Queer Places:
Highworth, Maidstone Rd, Ashford TN24 8UD, UK

Verena Winifred Holmes (23 June 1889 – 20 February 1964)[2] was the first woman Inst. of Mechanical Engineers member in 1919 and Inst. of Locomotive Engineers member and Inst. of Mechanical Engineers Fellow in 1931.

She was an English mechanical engineer and multi-field inventor, the first woman member elected to the Institution of Mechanical Engineers (1924) and the Institution of Locomotive Engineers (1931), and was a strong supporter of women in engineering. She was one of the early members of the Women's Engineering Society, and its president in 1931.[3][4] She was the first practising engineer to serve as president of the society.[5][6]

She was born at Highworth, Ashford, Kent to Florence Mary Syme (d. 1927), and Edmond Gore Alexander Holmes (1850–1906), chief inspector of elementary schools for England. She was one of three children, her brother Maurice Gerald Holmes (1885–1964) became a leading British civil servant.[7][8][9] Holmes was educated at Oxford High School for Girls, and after leaving school worked briefly as a photographer before the outbreak of the First World War enabled her to start working at the Integral Propeller Company, Hendon, on the manufacture of wooden propellers. While working, Holmes attended night classes at Shoreditch Technical Institute[10] She then moved to Lincoln to work for the industrial engine manufacturer Ruston and Hornsby, where she started as a supervisor for women employees.[10] Due to the relaxation of working conditions in wartime, she was able to complete an apprenticeship at the company and by 1919 was working in the drawing office. Unlike most of her contemporaries, she continued to be employed by the company after the end of the war. As when she was working in Hendon, Holmes attended technical classes at a local technical college.[11] In 1922, Holmes graduated from Loughborough Engineering College with a BSc(Eng) degree.[12] Her fellow students at Loughborough included the engineer and international traveller Claudia Parsons.[13]

Her technical specialities included marine and locomotive engines, diesel and internal combustion engines. She became an associate member of the Institution of Marine Engineers in 1924 and was the first woman to be admitted to the Institution of Locomotive Engineers in 1931.[7] In 1925, Holmes set up her own consulting company. Holmes patented a number of inventions, including the Holmes and Wingfield pneumo-thorax apparatus for treating patients with tuberculosis, a surgeon's headlamp, a poppet valve for steam locomotives, and rotary valves for internal combustion engines. She held patents for twelve inventions for medical devices as well as engine components.[14][15]. From 1928-1931 she worked at the North British Locomotive Works, Glasgow, and from 1931-1939 at Research Engineers Ltd.[10] During World War II Holmes worked on naval weaponry and in 1940 became adviser to Ernest Bevin, the minister of labour, on the training of munition workers.[5] She was appointed headquarters technical officer with the Ministry of Labour (1940-1944).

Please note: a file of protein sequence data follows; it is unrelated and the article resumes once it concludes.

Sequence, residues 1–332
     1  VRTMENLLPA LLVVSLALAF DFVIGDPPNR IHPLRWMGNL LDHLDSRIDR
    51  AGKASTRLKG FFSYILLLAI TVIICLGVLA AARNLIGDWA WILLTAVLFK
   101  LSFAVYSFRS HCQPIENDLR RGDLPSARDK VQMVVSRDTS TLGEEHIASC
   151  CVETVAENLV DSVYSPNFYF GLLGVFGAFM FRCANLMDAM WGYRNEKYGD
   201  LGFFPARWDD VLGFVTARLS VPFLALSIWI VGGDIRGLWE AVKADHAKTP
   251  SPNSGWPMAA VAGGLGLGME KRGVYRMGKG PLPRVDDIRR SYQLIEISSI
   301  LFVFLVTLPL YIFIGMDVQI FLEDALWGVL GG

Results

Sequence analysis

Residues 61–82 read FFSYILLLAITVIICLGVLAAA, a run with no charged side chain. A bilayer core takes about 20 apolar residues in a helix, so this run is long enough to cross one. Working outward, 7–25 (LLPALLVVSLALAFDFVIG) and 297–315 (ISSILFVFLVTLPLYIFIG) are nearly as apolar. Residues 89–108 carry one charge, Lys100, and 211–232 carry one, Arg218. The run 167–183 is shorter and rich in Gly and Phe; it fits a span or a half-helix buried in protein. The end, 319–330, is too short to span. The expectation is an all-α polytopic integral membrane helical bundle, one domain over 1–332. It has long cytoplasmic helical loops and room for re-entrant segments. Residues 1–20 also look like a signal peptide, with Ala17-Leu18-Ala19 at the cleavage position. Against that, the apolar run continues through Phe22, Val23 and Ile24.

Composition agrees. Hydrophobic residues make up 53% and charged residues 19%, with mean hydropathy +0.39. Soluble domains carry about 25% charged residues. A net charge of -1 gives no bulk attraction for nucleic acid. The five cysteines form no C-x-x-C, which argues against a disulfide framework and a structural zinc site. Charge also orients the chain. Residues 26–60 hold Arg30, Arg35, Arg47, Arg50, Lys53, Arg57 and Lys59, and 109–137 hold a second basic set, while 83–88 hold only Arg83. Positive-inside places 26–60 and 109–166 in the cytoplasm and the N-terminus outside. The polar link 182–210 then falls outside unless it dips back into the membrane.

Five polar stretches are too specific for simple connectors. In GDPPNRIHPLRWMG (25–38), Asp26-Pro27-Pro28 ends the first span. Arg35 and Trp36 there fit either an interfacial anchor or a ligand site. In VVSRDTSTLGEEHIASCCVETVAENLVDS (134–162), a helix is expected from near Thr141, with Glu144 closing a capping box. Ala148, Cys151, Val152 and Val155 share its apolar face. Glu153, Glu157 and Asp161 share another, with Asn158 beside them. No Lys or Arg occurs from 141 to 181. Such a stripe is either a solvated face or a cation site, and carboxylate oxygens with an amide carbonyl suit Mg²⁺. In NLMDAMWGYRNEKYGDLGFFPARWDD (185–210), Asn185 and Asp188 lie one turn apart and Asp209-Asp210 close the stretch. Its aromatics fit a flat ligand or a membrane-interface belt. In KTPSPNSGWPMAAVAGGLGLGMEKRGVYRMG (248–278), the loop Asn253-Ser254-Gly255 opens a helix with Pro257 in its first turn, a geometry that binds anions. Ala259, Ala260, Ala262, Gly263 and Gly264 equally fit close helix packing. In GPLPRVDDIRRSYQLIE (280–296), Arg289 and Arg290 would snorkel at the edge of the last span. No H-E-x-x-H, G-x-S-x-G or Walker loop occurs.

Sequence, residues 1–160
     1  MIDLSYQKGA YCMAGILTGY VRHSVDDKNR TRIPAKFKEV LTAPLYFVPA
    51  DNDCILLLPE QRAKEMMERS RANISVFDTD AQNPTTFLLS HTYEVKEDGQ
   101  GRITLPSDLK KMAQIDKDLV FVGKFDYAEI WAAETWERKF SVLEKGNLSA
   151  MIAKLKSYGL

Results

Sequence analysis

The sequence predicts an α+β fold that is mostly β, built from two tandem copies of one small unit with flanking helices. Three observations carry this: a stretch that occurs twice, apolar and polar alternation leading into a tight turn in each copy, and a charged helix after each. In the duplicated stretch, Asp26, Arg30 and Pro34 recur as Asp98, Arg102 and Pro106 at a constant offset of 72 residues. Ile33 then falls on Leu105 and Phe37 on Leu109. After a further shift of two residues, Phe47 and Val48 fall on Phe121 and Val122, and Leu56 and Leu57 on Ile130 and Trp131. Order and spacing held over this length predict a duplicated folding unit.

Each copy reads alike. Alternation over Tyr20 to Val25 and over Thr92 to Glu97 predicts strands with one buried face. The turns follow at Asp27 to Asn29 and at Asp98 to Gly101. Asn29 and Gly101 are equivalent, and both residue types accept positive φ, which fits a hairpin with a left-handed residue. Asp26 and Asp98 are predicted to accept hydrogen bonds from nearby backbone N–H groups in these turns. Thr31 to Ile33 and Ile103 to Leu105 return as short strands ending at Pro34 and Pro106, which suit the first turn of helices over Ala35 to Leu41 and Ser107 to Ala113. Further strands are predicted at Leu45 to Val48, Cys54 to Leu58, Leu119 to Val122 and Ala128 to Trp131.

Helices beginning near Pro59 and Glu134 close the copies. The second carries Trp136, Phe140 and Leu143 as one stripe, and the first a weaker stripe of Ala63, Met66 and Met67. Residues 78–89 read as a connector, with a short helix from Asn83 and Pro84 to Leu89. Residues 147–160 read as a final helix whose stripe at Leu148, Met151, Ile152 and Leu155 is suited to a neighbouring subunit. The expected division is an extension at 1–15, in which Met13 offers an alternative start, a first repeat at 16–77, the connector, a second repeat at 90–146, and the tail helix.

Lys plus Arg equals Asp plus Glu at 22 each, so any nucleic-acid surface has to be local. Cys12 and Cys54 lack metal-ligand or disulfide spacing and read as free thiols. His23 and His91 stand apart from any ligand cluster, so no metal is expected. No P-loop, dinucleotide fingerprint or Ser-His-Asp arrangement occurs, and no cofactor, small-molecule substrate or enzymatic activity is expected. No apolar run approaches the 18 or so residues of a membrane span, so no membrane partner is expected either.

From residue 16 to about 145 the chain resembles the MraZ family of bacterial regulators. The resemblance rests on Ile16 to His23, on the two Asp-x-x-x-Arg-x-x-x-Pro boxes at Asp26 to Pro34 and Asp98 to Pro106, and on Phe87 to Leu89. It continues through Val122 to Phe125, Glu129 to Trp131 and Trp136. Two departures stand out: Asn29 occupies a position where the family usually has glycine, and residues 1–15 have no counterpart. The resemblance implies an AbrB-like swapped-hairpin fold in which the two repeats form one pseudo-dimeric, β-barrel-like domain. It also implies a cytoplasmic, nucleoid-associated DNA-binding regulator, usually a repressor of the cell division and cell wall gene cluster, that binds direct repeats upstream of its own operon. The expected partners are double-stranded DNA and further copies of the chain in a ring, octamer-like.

Together with Caroline Haslett and Claudia Parsons, Holmes was active in the Women's Engineering Society, founded in 1919.[16] She served that society in several capacities, including president in 1930 and 1931[14] and was involved in the complex discussions about the organisation's direction of travel which led to the resignation of the second president Katharine Parsons in 1925.[6] She was a delegate at first International Conference of Women in Science, Industry and Commerce in July 1925.[6] Her work in support of women in engineering was based partly upon her own experiences; although she had been admitted to the Institution of Mechanical Engineers as an associate member in 1924, it took twenty years for her to be admitted as a full member. In 1946 Holmes founded the engineering firm of Holmes and Leather with Sheila Leather[17] a fellow WES member and future President (1950–1951). They employed only women.[18] Using a design created by Holmes, this firm created the first practical safety guillotine for paper, making it suitable for introduction into schools.[14] In 1958, Holmes published a booklet, Training and Opportunities for Women in Engineering.[7] She was influential in setting up the Women's Technical Services Register during the Second World War, which included a training course for women munitions workers to enable them to apply for roles such as junior draughtsmen and laboratory assistants.[2][19] From 1969, the Women's Engineering Society supported a yearly Verena Holmes lecture,[20] given at various venues across Britain to children aged nine to eleven to encourage interest in engineering.[21][22] Verena Holmes' birthday of 23 June coincides with International Women in Engineering Day[23] and she is commemorated as part of that celebration.[6]

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